Every child has the right to the best possible health. Governments must work to provide good quality health care, clean water, nutritious food and a clean environment so that children can stay healthy. Richer countries must help poorer countries achieve this.
Every child has the right to an education. Primary education must be free. Secondary education must be available for every child. Discipline in schools must respect children’s dignity. Richer countries must help poorer countries achieve this.
I have seen that basic human rights are certainly not a given, and I have learnt just how different life can be. 4 weeks is far too short a period of time to truly understand the intricacies of how things work here in Uganda, 4 years probably wouldn’t be enough! Nonetheless, it has been an experience that will change me forever.
I have had a privileged insight in to village life in Uganda, being welcomed in to peoples homes, however simple they may be. Their hospitality has been humbling and quickly made me forget that I was in a mud hut, with no electricity, no running water and no toilet. The locals, without exception, have a thirst for knowledge, which has made everything truly worthwhile.
My time at Jinja Children’s was depressing and frustrating at the best of times. Seeing children fight for their lives in this way is something that will never leave me, and more upsetting is the knowledge that things do not need to be this way, and should not be this way. I have seen pathology that, as a UK trained doctor, I only ever read about in textbooks and it has been difficult to say the least.
I feel fortunate to have met Dr Tenywa, a Paediatric Consultant at the hospital and a true credit to the Ugandan medical profession. He is someone who has re-ignited my passion for wanting to be the best you can be, whatever your circumstances and at whatever you do.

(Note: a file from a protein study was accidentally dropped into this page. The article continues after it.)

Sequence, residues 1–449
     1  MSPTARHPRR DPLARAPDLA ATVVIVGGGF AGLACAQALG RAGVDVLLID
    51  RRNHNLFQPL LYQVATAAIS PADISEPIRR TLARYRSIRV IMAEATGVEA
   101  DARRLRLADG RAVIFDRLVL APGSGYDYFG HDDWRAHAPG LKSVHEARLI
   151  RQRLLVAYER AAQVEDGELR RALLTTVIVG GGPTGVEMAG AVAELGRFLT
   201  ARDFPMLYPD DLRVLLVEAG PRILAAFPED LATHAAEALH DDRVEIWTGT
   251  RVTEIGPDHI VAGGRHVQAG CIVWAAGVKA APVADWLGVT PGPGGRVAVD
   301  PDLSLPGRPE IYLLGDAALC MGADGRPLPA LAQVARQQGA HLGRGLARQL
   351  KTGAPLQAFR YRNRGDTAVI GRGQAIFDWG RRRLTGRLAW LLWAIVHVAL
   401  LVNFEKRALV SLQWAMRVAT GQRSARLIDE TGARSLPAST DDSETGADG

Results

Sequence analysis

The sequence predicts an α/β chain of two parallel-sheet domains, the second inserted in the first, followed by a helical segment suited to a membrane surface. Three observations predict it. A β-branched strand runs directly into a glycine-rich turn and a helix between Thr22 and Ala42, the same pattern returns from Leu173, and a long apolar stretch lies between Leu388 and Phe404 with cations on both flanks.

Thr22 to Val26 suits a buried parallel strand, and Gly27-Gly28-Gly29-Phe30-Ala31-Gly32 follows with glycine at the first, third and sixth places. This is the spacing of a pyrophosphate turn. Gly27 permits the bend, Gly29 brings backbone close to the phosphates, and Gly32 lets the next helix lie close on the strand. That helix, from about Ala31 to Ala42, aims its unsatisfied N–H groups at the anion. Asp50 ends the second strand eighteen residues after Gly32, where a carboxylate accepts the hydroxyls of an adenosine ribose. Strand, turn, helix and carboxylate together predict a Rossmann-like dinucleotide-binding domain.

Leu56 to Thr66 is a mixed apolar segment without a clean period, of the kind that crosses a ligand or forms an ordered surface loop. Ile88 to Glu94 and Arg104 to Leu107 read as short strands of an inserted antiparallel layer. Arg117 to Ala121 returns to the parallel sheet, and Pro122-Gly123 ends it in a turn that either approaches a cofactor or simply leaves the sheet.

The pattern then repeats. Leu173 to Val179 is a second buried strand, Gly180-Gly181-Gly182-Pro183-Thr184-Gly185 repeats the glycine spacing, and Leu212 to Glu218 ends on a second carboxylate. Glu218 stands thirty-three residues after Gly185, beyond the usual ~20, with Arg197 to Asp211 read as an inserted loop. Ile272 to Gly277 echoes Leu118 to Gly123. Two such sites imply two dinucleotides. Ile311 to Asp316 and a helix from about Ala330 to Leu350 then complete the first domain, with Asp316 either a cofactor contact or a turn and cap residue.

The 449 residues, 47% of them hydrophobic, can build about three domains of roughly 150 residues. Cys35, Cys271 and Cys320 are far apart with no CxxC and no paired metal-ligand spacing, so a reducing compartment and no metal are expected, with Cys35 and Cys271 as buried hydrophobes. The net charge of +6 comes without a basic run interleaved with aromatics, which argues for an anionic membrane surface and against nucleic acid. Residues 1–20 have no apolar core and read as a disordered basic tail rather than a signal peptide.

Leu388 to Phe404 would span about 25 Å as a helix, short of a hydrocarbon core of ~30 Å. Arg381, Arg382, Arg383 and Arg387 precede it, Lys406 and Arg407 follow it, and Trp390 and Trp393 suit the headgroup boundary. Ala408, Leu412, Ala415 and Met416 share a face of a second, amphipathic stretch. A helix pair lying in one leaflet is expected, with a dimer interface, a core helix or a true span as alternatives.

It has been a time to reflect, to learn, to overcome personal challenges and most importantly to give back. Meeting others on their journey and creating our ‘Jinja family’ has been very special, fostering unique and hopefully lasting relationships. Peter, a professor at Colombia University, New York and his wife Delia have spent the past 4 years overseeing HELP School which they have set up in Masese. Rob, the American doctor and his bright, bubbly wife Sarah spent time volunteering on their honeymoon. Alethea, an enthusiastic nursing student from the UK, along with Marie and Sofie, 2 Danish nursing students never failed to put a smile on our sometimes distressed faces.
One of the people I wanted to meet most was Sarah, a Paediatric consultant from Belfast who has been working at Jinja Children’s for the past 6 months. Without her blog, ‘A Brunette in Jinja’, coming up on my hours of Internet searches for charitable projects in Uganda, none of this would have happened. Through her and Dr Kanabar, fate has certainly played its part in bringing me here. Visiting Gabula Road where my mother used to live, gave me a sense of identity that I didn’t even know was missing.
As I was leaving, I was told by Leyla and Pete, a couple who have lived in Jinja for the past 8 years that, “All roads lead to Uganda…” I wonder if this will be true.
Overall, this is a country that has one of the youngest populations in the world. You cannot help but feel a sense of responsibility to these young children to make the world they live in a better place. A few parting thoughts come to mind as I head back to London, and I hope these will not diminish with the busy life I lead back at home…
“Be the change you wish to see in the world”
– Mahatma Gandhi
“Education is the most powerful weapon which you can use to change the world”
– Nelson Mandela
Thank you for reading!